SPREP launches 2013 Annual Report
The Secretariat of the Pacific Regional Environment Programme (SPREP) is pleased to advise that the 2013 SPREP Annual Report is now available online. In 2013 SPREP celebrated the 20th anniversary of the signing of the SPREP Treaty, which established the Secretariat as an autonomous body.
Mr David Sheppard, Director General of SPREP explains that there was a lot to celebrate during this anniversary year:
HONIARA, SOLOMON ISLANDS – The Asian Development Bank (ADB) has approved a $15.58 million project to help the Solomon Islands rebuild transport infrastructure damaged by recent flash floods.
The assistance, drawn from ADB’s Disaster Response Facility, will help fund construction of new infrastructure designed to be more resilient against future disasters and other climate threats. ADB’s financing is $13.22 million (half loan, half grant), while the Solomon Islands Government is contributing $2.36 million equivalent.
Q2 2014 SUMMARY
Bringing CERF’s total allocations for 2014 to US$204.3 million*, the Emergency Relief Coordinator (ERC) allocated $103.6 million from CERF to support aid agencies responding to crises in 22 countries during the second quarter of 2014.
By Thalif Deen
UNITED NATIONS, Aug 11 2014 (IPS) - The world’s 52 small island developing states (SIDS), some in danger of being wiped off the face of the earth because of sea-level rise triggered by climate change, will be the focus of an international conference in the South Pacific island nation of Samoa next month.
Scheduled to take place Sep. 1-2, the conference will provide world leaders with “a first-hand opportunity to experience climate change and poverty challenges of small islands.”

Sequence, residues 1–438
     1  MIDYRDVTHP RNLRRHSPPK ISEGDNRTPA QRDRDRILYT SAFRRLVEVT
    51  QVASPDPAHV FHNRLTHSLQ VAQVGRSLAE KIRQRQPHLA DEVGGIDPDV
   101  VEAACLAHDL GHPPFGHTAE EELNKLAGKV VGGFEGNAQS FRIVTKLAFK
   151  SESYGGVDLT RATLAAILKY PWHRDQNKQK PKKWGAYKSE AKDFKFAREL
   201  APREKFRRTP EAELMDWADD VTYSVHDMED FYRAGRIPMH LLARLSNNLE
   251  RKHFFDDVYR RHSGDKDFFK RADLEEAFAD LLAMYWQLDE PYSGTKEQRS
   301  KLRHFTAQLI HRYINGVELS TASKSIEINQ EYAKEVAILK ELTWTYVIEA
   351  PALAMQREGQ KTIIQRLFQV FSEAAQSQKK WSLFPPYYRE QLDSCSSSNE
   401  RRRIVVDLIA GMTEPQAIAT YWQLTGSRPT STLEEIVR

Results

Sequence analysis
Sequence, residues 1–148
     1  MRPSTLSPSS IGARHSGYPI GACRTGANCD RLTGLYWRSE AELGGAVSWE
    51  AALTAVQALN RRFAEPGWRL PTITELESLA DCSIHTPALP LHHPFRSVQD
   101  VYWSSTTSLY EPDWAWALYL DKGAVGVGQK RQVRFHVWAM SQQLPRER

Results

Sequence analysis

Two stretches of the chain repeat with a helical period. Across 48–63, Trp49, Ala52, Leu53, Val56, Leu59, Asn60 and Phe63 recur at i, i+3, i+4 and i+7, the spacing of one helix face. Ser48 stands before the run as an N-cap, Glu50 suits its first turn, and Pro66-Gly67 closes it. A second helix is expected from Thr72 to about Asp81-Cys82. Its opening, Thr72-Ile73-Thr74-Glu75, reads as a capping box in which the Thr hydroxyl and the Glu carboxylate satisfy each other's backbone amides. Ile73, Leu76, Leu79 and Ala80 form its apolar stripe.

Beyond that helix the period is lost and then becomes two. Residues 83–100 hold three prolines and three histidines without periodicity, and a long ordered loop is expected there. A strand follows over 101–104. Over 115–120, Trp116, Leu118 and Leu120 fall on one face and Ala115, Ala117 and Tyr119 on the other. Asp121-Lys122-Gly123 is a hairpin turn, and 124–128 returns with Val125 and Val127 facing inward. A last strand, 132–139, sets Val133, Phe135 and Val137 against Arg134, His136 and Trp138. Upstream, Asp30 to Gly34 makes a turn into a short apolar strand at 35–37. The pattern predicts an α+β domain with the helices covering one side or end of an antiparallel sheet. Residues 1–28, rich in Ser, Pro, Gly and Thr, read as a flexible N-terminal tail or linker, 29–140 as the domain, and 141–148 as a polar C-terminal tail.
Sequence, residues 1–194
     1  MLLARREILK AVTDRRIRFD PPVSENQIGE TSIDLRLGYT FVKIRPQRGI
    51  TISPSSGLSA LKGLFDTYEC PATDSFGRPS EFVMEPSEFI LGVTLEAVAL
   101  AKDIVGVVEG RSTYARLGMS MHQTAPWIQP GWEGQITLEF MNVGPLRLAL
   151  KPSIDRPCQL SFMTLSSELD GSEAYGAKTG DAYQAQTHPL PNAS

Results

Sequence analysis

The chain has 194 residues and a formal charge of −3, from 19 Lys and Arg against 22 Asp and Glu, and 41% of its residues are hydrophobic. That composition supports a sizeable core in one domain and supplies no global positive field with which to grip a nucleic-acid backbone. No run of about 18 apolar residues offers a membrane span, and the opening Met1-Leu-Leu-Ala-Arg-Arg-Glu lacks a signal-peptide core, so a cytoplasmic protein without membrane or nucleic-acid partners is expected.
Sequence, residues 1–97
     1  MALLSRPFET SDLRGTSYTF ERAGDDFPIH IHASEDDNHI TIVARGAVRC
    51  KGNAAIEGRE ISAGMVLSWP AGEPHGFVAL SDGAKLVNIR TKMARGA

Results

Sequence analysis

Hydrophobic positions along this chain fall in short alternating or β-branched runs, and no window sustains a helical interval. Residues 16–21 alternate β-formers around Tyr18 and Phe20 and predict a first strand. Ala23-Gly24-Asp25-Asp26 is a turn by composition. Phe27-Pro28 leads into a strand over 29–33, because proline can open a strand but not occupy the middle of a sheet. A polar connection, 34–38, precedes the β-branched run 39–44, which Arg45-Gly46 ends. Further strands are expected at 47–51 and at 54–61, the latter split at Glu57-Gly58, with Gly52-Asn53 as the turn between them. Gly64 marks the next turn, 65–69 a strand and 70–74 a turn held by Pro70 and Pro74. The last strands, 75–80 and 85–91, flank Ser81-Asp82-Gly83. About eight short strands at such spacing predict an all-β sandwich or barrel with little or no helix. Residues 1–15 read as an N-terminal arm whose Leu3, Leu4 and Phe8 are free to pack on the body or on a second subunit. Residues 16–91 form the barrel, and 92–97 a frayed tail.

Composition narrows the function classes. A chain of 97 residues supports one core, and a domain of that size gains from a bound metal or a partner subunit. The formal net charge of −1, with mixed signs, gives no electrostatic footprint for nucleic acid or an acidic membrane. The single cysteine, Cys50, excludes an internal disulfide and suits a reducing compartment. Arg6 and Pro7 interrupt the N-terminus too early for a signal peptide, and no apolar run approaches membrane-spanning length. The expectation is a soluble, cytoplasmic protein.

The Enhancing resilience of communities in Solomon Islands to the adverse effects of climate change in agriculture and food security or (locally known as) Strogem woaka lo community fo kaikai (SwoCK) is a five-year (project) aimed at strengthening the ability of communities in the Solomon Islands to make informed decisions and manage likely climate change driven pressures on food production and management systems.
The National Disaster Management Office (NDMO) applauds those who have taken the initiative to help themselves recover from April’s flooding disaster.
On Thursday 7 August, 96 more people from 17 families approached the NDMO and asked to be repatriated to their chosen place.
The NDMO applauds those many flood-affected people who are choosing to use the help they are given and going forth to rebuild their lives.
Together they are proving just how resilient Solomon Islanders as a people are, despite the high risk of natural disasters our country faces.